NCAA cites Boise St. for lack of control

The NCAA has charged Boise State with a lack of institutional control following an alleged major violation in women's tennis and secondary violations in four sports, including football.

The school released its official response to the allegations Monday evening and will go before the NCAA's Committee on Infractions June 10. A final report and penalties will be issued several months after that meeting.

"We are deeply committed to following all NCAA rules and to ensuring that our athletic department works diligently so that our procedures reflect the highest standard," Boise State president Bob Kustra said in a statement. "I am disappointed that we face these allegations. It is unacceptable, and the athletic department staff understand and agree with my position."

The university has made fixes, done its own internal investigation and hired a new compliance officer, Kustra said.

The secondary violations in football involved impermissible housing, transportation and/or meals to prospective student-athletes from 2005 to 2009.

In all, the NCAA found the total value of impermissible benefits through five years was $4,934 for all of the housing, transportation and meals provided to 63 incoming student-athletes. All services ranged from $2.34 to a maximum of $417.55 and have been reimbursed by the student-athletes.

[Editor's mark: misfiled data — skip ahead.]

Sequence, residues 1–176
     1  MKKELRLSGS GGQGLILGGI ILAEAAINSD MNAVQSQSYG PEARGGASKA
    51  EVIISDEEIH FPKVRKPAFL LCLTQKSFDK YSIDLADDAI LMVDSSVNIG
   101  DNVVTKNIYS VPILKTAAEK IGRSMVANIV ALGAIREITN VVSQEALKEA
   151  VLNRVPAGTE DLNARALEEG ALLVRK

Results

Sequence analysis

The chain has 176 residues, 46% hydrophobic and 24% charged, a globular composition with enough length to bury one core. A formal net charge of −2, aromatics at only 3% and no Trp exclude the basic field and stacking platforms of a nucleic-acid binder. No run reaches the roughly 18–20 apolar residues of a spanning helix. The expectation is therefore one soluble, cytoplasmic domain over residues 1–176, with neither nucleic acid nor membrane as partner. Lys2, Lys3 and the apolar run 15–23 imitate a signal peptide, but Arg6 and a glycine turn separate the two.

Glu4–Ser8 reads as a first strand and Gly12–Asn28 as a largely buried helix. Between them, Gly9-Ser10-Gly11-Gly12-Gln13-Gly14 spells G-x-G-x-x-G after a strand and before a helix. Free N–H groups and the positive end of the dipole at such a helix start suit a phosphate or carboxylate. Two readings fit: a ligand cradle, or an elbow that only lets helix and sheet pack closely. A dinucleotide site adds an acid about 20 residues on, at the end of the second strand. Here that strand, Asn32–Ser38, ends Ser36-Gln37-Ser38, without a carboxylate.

"We pride ourselves on doing things the right way at Boise State. As soon as we became aware that these inadvertent infractions were not in accordance with NCAA rules, we acted swiftly and without hesitation," football coach Chris Petersen said in a statement released by the school.

"The university, our staff and the involved student-athletes worked together with the NCAA to resolve the situation, including reimbursement of the benefits received, and that money was donated to a local charity," Petersen said.

Boise State began its investigation into potential violations in 2009. The school and NCAA agreed to penalties a year later for the sports that broke the rules: football, men's and women's tennis, and men's and women's track and field.

But later that year, Boise State self-reported a major violation in women's tennis, in which one tennis player was allowed to compete before being officially enrolled.

That led the NCAA to take the secondary violations and major violation and lump them into one case, slapping the more serious "lack of institutional control" charge on top of the existing violations.

"Complying with NCAA rules is fundamental to who we are and how we do things at Boise State," athletic director Gene Bleymaier said in a statement. "We have addressed the issues and are working with the NCAA to bring this to a close."

Andrea Adelson covers college football for ESPN.com. Information from The Associated Press was used in this report.